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Home » Culture

Speaking Canadian English: Sled vs. Sledge

Submitted by on March 15, 2010 – 7:30 amNo Comment

Canadian sledge hockey players img_6039Yesterday, when I attended the Canada-​​Sweden sledge hockey game dur­ing the Vancouver 2010 Paralympic Games, I got to won­der­ing about the word “sledge.”

In the United States, we had a sled, but until I came to Canada, I wasn’t famil­iar with the term “sledge.”

It turns out that the U.S. stands alone on the sled ques­tion, at least where hockey is concerned.

While the Paralympic sport is called “sled hockey” in the United States, it’s known as sledge hockey in the rest of the world.

Invented in Sweden in the 1960s, ice sledge hockey made its Paralympic debut at the 1994 Winter Games in Lillehammer.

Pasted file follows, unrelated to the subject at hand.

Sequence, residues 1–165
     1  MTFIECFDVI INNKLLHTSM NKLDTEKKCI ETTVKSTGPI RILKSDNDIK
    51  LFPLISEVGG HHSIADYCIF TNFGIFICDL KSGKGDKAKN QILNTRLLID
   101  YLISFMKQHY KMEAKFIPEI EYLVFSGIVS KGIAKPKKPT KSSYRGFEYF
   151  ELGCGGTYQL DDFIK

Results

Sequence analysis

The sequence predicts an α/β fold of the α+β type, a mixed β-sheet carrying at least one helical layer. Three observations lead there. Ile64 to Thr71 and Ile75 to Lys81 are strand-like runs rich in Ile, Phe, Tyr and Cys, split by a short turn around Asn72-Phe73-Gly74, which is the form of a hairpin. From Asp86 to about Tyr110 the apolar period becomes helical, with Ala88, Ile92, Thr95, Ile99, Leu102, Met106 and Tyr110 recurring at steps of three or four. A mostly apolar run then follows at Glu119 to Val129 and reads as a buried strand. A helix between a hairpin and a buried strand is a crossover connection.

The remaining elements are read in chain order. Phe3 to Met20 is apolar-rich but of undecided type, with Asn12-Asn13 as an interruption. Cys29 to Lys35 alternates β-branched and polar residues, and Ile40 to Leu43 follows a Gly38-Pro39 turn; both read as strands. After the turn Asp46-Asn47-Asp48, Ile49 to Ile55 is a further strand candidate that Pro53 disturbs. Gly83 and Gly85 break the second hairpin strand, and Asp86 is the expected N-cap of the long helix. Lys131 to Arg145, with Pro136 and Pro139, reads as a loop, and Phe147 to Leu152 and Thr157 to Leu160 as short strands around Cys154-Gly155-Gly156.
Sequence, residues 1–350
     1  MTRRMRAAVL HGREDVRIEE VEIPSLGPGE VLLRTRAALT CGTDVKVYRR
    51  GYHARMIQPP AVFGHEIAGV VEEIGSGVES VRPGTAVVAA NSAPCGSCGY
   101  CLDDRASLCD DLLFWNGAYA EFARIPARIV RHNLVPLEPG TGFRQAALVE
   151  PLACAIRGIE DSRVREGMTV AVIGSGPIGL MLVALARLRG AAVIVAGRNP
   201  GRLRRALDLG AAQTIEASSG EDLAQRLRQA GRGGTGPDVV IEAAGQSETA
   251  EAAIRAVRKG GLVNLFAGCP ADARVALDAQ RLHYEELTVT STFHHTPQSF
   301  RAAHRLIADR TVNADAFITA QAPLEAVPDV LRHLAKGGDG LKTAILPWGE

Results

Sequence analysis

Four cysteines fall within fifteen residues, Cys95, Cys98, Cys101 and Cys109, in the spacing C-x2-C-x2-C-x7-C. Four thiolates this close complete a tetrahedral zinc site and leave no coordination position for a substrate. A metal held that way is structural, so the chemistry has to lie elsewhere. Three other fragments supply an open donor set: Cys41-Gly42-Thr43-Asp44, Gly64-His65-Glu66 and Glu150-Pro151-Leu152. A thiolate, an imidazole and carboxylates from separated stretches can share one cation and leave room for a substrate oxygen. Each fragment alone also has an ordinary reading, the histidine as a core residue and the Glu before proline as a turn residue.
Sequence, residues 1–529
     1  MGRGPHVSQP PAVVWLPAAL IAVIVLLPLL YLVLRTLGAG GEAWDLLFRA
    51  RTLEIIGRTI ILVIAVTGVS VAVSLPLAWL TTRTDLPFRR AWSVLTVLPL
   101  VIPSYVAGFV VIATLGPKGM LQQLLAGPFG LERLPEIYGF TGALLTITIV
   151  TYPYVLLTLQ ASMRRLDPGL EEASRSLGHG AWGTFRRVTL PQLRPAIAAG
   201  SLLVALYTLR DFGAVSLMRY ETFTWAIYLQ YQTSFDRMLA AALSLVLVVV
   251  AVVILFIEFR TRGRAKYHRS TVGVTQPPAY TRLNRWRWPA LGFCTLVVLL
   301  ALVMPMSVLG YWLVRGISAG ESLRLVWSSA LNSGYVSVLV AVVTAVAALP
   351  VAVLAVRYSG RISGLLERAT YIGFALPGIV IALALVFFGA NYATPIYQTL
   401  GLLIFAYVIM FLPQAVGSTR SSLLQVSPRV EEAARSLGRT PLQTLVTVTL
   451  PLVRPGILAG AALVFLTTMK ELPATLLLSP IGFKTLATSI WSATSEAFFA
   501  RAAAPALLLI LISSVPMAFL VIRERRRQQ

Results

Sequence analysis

Sledge hockey play­ers sit on sledges (or sleds) with two blades and hold double-​​ended sticks in each hand. They use the sharp end of the stick to pro­pel them­selves across the ice, while the curved edge — resem­bling a tra­di­tional hockey stick — is used for pass­ing and shoot­ing the puck.

By the way, although the Swedes may have invented the game, yes­ter­day Canada won, 10 – 1.

For all the Paralympic ice sledge hockey news, visit Vancouver2010​.com.

And for more on speak­ing Canadian English, see our “Speaking Canadian” posts here, here, and here.

Photo ©Alan Albert

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